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Want to Learn to Drive - Petite Rider - Hinderence?

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  • Want to Learn to Drive - Petite Rider - Hinderence?

    I would like to learn how to drive, but it occurred to me that being quite petite, my feet don't touch the floor (I'm 4'10). Might this be an issue with driving? I also have mild cerebral palsy, but rode horses for many years and (w/t/c/jumping/dressage) and am less worried about that.

    I will be at the Brandywine Driving Club meeting in Malvern, PA to get my feet wet.

    Thanks for any input!

    KellyT

  • #2
    As long as you have a wedge seat to see over the butt and a box for your feet, you should be fine! Make sure whoever you take lessons from has a cart that will or can be modified to fit you.

    I don't think a tremor (making an assumption here) will bother you- both my sons have similar issues (benign familiar tremor) and haven't had an issue riding or driving.
    Last edited by Cielo Azure; Mar. 22, 2012, 11:59 PM.
    Luistano Stallion standing for 2013: Wolverine UVF
    http://www.youtube.com/watch?v=8IZPHDzgX3s

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    • #3
      I'd consider, for a bunch of reasons, driving a pony. Everything is obviously downsized, so it will make it much easier for you to handle all the harness, etc. Vehicle will be easier to fit to also. Stuff is that much easier to transport. Ponies are also darn cute when they are trotting around!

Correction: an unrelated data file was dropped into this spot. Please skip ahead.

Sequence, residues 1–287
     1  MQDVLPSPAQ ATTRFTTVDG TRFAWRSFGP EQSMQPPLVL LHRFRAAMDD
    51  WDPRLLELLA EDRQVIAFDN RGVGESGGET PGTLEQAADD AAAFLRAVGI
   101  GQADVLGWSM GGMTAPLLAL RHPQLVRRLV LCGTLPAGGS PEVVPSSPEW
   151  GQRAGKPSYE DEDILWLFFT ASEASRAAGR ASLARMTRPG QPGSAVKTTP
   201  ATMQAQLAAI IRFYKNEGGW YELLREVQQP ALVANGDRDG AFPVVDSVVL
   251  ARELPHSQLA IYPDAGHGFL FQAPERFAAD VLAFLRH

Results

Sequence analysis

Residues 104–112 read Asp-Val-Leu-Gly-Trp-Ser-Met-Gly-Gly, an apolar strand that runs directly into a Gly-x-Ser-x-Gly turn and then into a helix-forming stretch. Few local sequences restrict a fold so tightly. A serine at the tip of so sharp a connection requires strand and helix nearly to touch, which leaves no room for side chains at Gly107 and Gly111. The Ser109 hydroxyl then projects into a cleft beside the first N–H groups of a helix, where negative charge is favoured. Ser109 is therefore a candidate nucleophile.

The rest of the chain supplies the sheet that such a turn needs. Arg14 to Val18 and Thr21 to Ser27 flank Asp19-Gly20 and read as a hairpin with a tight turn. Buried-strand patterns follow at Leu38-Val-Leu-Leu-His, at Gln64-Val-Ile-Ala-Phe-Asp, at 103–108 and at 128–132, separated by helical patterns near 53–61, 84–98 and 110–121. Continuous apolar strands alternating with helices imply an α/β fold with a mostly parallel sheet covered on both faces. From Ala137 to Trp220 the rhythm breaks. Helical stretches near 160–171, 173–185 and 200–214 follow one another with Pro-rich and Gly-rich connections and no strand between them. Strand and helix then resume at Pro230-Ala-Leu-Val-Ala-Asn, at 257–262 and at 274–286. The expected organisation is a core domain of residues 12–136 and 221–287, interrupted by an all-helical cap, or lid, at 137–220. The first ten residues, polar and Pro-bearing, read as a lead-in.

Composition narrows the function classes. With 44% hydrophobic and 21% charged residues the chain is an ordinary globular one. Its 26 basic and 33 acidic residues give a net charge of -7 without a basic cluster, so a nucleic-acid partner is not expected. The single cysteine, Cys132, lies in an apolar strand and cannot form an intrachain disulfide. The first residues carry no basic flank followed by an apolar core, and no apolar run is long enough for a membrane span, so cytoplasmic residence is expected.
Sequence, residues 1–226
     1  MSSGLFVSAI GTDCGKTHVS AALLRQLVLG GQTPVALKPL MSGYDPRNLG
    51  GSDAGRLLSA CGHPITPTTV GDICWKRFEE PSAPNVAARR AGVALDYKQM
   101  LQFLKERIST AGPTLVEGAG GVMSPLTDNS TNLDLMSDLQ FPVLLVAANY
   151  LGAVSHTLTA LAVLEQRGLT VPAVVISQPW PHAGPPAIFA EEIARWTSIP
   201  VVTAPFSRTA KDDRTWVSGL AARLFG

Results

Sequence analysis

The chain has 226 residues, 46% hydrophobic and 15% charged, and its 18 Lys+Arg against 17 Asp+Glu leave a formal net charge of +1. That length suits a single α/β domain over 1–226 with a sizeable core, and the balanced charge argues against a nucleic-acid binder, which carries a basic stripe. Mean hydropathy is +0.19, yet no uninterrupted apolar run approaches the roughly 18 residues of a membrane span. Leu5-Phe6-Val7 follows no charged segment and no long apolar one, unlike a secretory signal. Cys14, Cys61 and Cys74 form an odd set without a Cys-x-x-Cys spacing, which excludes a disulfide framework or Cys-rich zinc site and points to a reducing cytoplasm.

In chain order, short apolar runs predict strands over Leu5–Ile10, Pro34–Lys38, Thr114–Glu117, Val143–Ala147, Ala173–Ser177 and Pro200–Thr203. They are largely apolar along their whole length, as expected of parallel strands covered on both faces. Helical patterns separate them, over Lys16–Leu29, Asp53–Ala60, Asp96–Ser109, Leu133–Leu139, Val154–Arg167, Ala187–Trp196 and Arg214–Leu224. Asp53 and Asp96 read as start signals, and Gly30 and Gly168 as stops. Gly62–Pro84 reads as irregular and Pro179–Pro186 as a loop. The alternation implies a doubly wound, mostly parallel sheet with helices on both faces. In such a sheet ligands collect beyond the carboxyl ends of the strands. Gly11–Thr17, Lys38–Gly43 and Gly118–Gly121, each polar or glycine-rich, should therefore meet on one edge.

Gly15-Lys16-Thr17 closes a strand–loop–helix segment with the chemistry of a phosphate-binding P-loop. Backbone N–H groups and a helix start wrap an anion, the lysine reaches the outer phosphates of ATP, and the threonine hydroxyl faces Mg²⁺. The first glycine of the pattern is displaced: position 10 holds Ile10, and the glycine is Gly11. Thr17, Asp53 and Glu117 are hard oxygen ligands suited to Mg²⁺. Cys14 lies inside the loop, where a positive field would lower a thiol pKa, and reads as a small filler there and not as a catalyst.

I drove for some years w/ a horse, and swore that if I kept it up my next beastie would be a pony even if it meant a total change in vehicle, harness, etc.
      Now I'm doing dressage on a full size horse, and swearing that my next one will be a fancy pony. (I'm and older, and shrinking 5'3+)

      Edited to add - you are in a good area of the country to get into driving. Good luck and have fun.
      We don't get less brave; we get a bigger sense of self-preservation........

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      • #4
        you should ask Megan Benge if she has a problem with touching the floor.

        http://www.facebook.com/photo.php?fb...type=1&theater

        Megan has competed at quite a few world championships as well. Competing against able-bodies and disabled-bodies (is that the correct term?)
        Diane K also comes to mind the driver in Ca.

        Like the above posters stated, get a wedge seat, you will have no problem.

        http://usdfd.org/

        This is just the tip of the iceberg, there are lots and lots of people that are driving that are not "able-bodied".


        YOU CAN DO IT!!
        www.facebook.com/doggonegoodgoodies
        http://doggonebakedgoods.com/

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        • #5
          I am lucky enough to live next door to the Benges right now and can say that getting to watch Megan drive nearly every day makes me feel stupid for complaining about what makes driving hard for me! they have an assortment of ponies next door, and being 5.3' myself and a pony owner, I wouldn't want anything big to drive. So do consider ponies.

          If you get a good vehicle, seat height can change, move forward, and a "shelf" can be added to the floor so you can reach. A wedge seat is helpful too. I don't think you'll have any issues!